The story “The Raid” was first published in “Wings” – Volume 1 Number 2  - Dated Autumn 1934 but actually published on 1st October 1934

(Interestingly the index of this magazine says, after the title and the author’s name, “This popular author has placed this story in Iraq, a country that he knows well”)

The story was then published by John Hamilton as a hardback called “The Raid” in April 1935 with four other W. E. Johns stories - 221 pages

“The Raid” was then republished in paperback as part of “Desert Adventures” by Norman Wright in 2001 - 190 pages

It can be quite hard to tell a first edition of THE RAID.  According to NORMAN WRIGHT who has viewed the first edition copy in the Bodleian Library, he says the following:-
Theirs is date stamped by them: May 11th 1935.   Binding:  Crest on spine. Orange cloth and black lettering.  Blind front.
Titles at front of book:  Lists 4 non-fiction plus 7 titles by W. E. Johns opposite title page.  Under author on title page : 'Editor of Popular Flying'.  Pages run from 7 - 221.  No illustrations.
Catalogue at back: Undated 'Aviation General'. Pages 7 - 30. Plus advert for Wings on inside back cover.  Amongst entries in catalogue states that The Black Peril, The Raid, plus one more non-WEJ are new titles.




The story “The Raid” was first published in “Wings” – Volume 1 Number 2 - Dated Autumn 1934 but actually published on 1st October 1934

Pages 7 - 146

Flight Lieutenant Guy Baring is in love with Sheila Forbes, whose parents were both killed in flying incidents. Guy cannot give up the Air Force and Sheila feels that she cannot marry an airman, as she will never have a moment's peace. When Sheila and her Uncle come to Baghdad with the mysterious Professor Wiseman from Sweden to excavate at Prensis, Guy accidentally sees a list of friendly and hostile Arab leaders amongst the Professor's possessions. With his suspicions aroused, Guy makes enquiries and eventually discovers that 'Professor Wiseman' is in fact a German spy, called Erich von Lertzhardt. By this time, Sheila has become engaged to the Professor and Guy finds himself in a difficult position, not wishing to denounce a man who would be seen as a rival for Sheila's affections. Flying out to Prensis, Guy warns 'Wiseman' that he knows who he is and asks for his word that he will leave in order to save Sheila and her Uncle from any embarrassment in the affair. Von Lertzhardt agrees to go but Sheila refuses to leave with Guy there and then and later, hostile Arabs raid the camp at Prensis. Von Lertzhardt is shot in the head whilst defending Shelia, who is then captured and carried away by Arabs. Guy rescues Shelia by parachuting ahead of the Arabs (shades of Mossyface here). Escaping together, there are big shocks coming before Guy is able to save the day.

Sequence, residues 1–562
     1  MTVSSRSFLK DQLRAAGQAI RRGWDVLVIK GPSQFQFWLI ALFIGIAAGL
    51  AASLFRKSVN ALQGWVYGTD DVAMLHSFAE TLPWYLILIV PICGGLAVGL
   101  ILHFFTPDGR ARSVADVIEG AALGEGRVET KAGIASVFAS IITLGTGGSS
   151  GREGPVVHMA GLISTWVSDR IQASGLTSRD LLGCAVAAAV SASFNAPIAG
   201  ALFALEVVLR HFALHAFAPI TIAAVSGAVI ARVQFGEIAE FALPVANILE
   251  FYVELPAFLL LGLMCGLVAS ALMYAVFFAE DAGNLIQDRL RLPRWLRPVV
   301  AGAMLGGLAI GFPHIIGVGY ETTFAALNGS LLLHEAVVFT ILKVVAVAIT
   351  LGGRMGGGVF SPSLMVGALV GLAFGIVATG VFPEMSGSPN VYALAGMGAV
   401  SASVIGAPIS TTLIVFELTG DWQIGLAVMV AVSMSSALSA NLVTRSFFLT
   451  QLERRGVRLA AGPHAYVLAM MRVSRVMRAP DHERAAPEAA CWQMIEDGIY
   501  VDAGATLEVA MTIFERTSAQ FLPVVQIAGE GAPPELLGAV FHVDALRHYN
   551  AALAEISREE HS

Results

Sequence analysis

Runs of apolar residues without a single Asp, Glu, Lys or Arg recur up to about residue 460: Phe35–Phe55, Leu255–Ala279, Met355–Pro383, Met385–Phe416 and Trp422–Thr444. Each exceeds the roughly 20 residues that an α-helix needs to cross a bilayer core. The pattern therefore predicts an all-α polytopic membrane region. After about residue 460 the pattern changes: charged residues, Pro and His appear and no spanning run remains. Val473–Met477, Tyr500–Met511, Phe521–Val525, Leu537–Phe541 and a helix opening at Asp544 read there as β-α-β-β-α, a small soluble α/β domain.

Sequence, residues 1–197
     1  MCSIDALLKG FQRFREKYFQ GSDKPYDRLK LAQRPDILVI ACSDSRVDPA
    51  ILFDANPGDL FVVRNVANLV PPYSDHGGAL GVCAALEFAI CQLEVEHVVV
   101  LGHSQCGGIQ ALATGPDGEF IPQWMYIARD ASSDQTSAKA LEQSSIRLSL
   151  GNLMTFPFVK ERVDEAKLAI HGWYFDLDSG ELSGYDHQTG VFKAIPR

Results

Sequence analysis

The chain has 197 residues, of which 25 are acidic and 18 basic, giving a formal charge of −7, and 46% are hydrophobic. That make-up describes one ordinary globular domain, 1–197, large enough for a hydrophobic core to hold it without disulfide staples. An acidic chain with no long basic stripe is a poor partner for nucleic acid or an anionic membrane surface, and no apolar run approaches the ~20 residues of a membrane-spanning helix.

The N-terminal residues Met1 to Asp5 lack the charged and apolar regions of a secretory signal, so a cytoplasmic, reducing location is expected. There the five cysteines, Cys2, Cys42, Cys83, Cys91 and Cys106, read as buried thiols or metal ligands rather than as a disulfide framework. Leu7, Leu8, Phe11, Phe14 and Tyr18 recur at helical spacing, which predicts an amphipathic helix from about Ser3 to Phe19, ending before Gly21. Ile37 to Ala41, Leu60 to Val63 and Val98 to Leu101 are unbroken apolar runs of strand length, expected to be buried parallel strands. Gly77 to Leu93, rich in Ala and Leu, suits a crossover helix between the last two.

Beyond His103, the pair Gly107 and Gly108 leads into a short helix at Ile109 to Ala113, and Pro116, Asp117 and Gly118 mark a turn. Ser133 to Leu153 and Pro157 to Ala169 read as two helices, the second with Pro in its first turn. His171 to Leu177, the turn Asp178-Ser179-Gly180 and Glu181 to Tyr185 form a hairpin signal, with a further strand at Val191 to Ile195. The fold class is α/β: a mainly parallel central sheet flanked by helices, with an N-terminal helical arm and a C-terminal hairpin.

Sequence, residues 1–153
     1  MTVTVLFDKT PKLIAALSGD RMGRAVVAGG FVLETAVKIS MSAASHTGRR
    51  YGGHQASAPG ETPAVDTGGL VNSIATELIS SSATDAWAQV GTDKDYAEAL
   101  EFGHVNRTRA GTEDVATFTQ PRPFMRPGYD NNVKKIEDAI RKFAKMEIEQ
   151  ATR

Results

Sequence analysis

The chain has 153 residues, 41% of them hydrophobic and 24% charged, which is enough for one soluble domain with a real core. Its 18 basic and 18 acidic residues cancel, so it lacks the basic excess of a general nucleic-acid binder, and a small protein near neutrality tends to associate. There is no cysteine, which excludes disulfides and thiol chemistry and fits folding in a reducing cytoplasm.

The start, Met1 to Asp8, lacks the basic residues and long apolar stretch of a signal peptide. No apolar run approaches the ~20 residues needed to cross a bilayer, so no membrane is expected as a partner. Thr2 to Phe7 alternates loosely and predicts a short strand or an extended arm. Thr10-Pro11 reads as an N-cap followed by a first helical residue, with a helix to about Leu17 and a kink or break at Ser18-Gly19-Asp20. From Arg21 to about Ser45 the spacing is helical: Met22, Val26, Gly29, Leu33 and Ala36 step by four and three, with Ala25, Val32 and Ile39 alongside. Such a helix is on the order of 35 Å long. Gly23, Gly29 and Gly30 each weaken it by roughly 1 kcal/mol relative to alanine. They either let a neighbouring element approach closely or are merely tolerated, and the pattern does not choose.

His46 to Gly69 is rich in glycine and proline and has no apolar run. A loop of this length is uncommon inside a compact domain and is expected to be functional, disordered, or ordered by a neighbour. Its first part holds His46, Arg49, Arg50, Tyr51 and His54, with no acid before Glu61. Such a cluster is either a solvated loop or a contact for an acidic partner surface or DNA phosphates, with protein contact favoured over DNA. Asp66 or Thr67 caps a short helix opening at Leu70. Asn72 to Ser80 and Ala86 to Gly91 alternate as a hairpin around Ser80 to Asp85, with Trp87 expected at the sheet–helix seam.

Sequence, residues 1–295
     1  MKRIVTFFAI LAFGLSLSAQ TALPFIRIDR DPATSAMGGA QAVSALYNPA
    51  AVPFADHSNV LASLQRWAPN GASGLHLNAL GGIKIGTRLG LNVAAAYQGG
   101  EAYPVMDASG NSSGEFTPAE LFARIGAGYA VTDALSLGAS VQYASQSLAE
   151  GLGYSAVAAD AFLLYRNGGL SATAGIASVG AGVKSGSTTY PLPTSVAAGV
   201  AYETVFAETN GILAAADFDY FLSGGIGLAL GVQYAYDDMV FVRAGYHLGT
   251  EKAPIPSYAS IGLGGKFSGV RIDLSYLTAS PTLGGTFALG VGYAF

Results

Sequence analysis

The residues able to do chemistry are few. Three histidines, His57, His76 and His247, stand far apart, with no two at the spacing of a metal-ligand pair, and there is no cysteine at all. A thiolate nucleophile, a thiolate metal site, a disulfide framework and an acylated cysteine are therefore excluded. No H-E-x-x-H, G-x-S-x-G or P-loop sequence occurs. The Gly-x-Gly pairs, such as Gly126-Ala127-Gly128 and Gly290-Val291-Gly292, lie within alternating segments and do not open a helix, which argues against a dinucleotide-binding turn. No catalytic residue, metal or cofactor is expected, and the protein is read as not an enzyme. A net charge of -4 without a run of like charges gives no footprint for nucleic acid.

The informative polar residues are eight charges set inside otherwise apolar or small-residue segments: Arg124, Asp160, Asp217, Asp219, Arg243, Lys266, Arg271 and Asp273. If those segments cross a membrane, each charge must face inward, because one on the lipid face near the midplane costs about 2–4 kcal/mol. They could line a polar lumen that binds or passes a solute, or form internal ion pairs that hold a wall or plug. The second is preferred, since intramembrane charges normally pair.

The story “All’s Fair” was first published in “Wings” – Volume 1 Number 1 - Undated but actually published in 1934

Pages 149 - 168

"All's fair in love and business", says Captain Peter Logan. He is the Chief Instructor at South London Aero Club and he has words with one of his pupils, Sheila Sanderson. When Logan takes a dangerous photographic assignment for the Daily Pictorial he finds that Miss Sanderson has pipped him at the post. Or has she? Logan has the last laugh in this battle of the sexes.



This story is NOT to be confused with the story “Strange Freight” that appeared in “The Wilfred Pickles Gay Street Book” in 1949

That was originally a story entitled “Questionable Cargo” published in “The New Book of the Air” that had been renamed but is a completely different story!

The story “Strange Freight” was first published in “Wings” – Volume 1 Number 3 - Dated Winter 1935 but actually published on 1st January 1935

Pages 171 - 190

Bill Davenish tells the writer of the story about where he has been for the last three months. Hired by a mysterious stranger to go and collect some Elephant Ivory, Davenish finds that all is not as it appears. This short story has a pleasant surprise for the reader at the end.



The story “Old Soldiers Never Die” was first published in “Wings” – Volume 1 Number 1 - Undated but actually published in 1934

Pages 193 - 199

Jerry Barton and Bill Reeves, old comrades of 296 Squadron, have come up with a clever way to sell aircraft for their employer, the Falkner Aviation Company.



The story “The Ace of Spades” was first published in “The Cockpit” – in August 1934

Pages 203 - 221

This was a Biggles story. Biggles is accused of incompetence by a General and has to clear his name. Biggles flies without ammunition during a camera duel with Wilks and is attacked and forced down by an orange coloured German plane with a distinctive Ace of Spades on the side. A General sees this one-sided dual and reprimands Biggles for not firing a shot. Rather than writing a report to explain what happened, Biggles borrows Algy's Sopwith Camel and subsequently shoots the German down. The fabric showing the Ace of Spades is sent to the General as his report. This story was originally first printed in The Cockpit in August 1934 and then reprinted in Biggles of the Special Air Police and it is interesting to note the differences between the original adult version as printed in this book and the subsequent children's version in the reprint. For example, the phrase "He swore, tersely but effectively", relating to Biggles, is not in the reprint and expressions like "My God!" become "My Gosh!"


Dustjacket showing the faded price of 3 shillings and 6 pence


Front Cover

Rear Cover


2001 Reprint of the story 'The Raid' (with Desert Night)